So I’d completed a few shorter runs including the first headtorch outing of the year with Andy H but in the back of my mind I kept hearing “You have a 20 mile race in March and a marathon in April”. My longest run since November had only been eight miles, how was I going to cope with the massive distances ahead of me ? I just had to suck it up and get on with it. So last Monday night after work I set off and ended up running 10 miles in 1:25, and felt comfortable – apart from being drenched to the skin. I poured water out of my shoes and backpack when I finished. My mind was racing, if I could run that and then could keep it up then I’d survive the Trimpell 20 and London and be able to move towards the Outlaw without much damage. My mood lightened somewhat.

The big test came this Saturday, my ‘other’ training partner Lesley who is doing London and Trimpell emailed to ask if I fancied a long run. With my confidence at rock bottom I wanted to say No, but I knew I had to say yes and really test myself. Andy H’s son Gareth would also be joining us as he prepared for the Bath half-marathon. He was obviously very keen as he was ready to run in his shorts ( he would change in tracksters ) in the sub zero conditions. I on the other hand had tights on, a compression base layer, a thermal cycling  jersey and a goretex running jacket, oh and gloves ! And even as the sun rose over the River Lune I didn’t regret my clothing choice – it was still cold !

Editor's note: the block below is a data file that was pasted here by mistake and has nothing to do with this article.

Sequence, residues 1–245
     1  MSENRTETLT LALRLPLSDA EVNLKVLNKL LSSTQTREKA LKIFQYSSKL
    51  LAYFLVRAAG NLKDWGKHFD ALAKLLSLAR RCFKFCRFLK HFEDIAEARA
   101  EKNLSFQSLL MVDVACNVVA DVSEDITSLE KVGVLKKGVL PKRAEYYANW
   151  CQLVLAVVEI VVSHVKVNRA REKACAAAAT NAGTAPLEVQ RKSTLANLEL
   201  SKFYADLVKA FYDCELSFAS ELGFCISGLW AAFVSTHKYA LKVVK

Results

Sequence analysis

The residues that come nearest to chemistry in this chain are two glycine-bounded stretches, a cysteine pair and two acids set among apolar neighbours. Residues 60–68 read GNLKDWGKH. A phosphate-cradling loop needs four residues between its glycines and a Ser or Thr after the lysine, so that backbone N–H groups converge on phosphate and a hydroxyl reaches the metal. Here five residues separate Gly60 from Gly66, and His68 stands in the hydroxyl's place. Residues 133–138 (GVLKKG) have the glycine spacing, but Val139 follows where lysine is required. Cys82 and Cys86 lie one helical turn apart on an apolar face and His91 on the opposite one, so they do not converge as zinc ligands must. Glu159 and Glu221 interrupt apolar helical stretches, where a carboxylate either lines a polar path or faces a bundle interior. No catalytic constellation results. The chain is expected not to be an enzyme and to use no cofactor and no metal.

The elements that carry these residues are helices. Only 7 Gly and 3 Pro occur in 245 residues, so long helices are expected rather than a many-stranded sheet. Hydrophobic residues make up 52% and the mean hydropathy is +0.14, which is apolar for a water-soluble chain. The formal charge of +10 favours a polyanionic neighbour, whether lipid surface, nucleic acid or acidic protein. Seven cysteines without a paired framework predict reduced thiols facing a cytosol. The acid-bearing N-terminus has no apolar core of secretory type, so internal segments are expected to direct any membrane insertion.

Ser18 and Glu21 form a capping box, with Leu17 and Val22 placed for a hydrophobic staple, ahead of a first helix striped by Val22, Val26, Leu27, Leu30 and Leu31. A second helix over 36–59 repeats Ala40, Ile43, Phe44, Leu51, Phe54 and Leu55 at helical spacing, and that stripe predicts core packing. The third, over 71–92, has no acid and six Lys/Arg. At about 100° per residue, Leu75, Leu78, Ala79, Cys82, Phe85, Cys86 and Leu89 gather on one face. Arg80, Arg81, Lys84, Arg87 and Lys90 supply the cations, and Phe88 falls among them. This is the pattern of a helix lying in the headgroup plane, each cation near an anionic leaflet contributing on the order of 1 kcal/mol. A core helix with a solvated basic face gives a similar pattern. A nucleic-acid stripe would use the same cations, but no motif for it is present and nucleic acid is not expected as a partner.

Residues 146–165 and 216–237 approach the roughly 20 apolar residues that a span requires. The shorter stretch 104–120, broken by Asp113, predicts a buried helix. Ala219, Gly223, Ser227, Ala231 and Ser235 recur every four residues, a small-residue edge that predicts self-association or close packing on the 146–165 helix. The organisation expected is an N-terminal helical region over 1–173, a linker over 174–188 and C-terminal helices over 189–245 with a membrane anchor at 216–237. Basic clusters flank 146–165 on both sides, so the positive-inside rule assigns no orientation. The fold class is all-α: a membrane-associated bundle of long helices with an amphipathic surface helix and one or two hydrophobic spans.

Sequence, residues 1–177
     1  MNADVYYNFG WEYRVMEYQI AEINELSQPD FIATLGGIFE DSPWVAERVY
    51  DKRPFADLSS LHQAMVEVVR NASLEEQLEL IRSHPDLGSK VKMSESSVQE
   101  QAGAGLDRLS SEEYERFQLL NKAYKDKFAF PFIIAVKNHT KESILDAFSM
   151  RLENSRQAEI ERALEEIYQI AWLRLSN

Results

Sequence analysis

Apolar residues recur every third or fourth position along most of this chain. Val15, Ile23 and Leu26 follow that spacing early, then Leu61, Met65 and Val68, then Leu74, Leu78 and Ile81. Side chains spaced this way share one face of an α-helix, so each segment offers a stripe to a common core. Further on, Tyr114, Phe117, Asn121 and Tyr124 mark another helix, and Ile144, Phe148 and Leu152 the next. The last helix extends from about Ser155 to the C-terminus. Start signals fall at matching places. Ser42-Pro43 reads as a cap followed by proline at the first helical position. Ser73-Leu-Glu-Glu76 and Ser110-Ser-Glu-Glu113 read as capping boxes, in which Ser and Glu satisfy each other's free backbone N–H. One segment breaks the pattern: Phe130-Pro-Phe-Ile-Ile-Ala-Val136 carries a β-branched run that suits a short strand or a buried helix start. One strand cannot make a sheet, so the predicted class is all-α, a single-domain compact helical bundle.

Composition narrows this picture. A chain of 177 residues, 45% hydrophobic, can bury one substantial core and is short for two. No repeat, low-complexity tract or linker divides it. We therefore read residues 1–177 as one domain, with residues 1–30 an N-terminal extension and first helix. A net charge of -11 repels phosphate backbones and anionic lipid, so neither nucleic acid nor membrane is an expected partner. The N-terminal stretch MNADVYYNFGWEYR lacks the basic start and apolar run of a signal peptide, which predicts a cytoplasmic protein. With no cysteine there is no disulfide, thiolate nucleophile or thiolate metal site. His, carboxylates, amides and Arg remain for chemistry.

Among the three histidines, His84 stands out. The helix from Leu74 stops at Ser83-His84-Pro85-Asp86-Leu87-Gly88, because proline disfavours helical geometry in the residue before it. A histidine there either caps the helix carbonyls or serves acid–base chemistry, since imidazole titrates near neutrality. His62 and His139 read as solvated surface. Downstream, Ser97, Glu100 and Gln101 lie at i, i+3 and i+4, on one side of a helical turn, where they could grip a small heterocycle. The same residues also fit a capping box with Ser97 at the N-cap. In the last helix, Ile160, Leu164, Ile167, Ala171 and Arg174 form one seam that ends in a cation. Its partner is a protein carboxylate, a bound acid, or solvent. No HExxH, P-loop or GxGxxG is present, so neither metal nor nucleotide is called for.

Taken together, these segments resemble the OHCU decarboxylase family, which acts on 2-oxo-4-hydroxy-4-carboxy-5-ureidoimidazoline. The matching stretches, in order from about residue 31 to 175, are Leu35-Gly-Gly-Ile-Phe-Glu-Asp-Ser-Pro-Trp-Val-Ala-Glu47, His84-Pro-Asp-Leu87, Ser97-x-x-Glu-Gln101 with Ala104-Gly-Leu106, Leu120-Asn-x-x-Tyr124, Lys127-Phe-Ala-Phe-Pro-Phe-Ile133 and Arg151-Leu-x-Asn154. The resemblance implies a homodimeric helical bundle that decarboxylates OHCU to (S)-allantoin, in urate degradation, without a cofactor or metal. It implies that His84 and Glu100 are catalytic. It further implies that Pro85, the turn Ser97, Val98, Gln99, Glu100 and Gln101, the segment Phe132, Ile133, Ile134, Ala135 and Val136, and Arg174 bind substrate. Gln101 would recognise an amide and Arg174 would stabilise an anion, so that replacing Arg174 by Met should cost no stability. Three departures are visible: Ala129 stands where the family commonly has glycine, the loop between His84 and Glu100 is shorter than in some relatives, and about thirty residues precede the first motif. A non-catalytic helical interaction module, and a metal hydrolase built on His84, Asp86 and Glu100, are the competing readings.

The pace was steady and the three of us chatted about all sorts of topics, work, holidays, football, what I’d said about them both in my book, you know the usual sort of topics. We headed out along the frozen canal before reaching the village of Halton, crossing back over the river we followed it all the way to the end and to the sea at Glasson Dock. The last mile or so Lesley upped the pace ( still massively within Gareth’s comfort zone ) but I was flagging, determined however not to slow them down. We reached the car park at Condor Green and said goodbye to Gareth as he headed home whilst myself and Lesley doubled back to add some extra miles on. We eventually made it back to my house and had covered just shy of 16.5 miles in 2:19. My confidence was renewed, if I could keep that pace up I’d get round the marathon in about 4 hours. Trimpell 20 should take approx 3 hours and then as Andy H always says “The last 6 of the marathon will always take an hour at least.” Hopefully going to get again next Saturday for a repeat performance with Lesley.

My legs have been aching since Saturday, should have put my compression socks on sooner. I managed to walk the 3.5 miles to work this morning and I plan on slowly running it home tonight as a recovery run. I’ll report back tomorrow IF I’m in one piece.

So I think I’ve come out the other side of my mental fog, I know I won’t set the world on fire at London, but I feel more confident now that’ll finish without disgracing myself……and in all honesty that’s all I’m bothered about.


2 responses to “Healed and ready

  1. Just posted on Mouse’s blog “It’s all mental”, No I don’t mean we are all mental (although…….) This IM lark takes some getting your head around, and so does marathon running. It’s big, really big. But You and I have the advantage of having been there before.
    I can’t wait til it gets lighter in the evening and I can get out more after work.

  2. It was a god run, although I didn’t realise I’d upped the pace! Sorry…

    Next long run, Trimpell!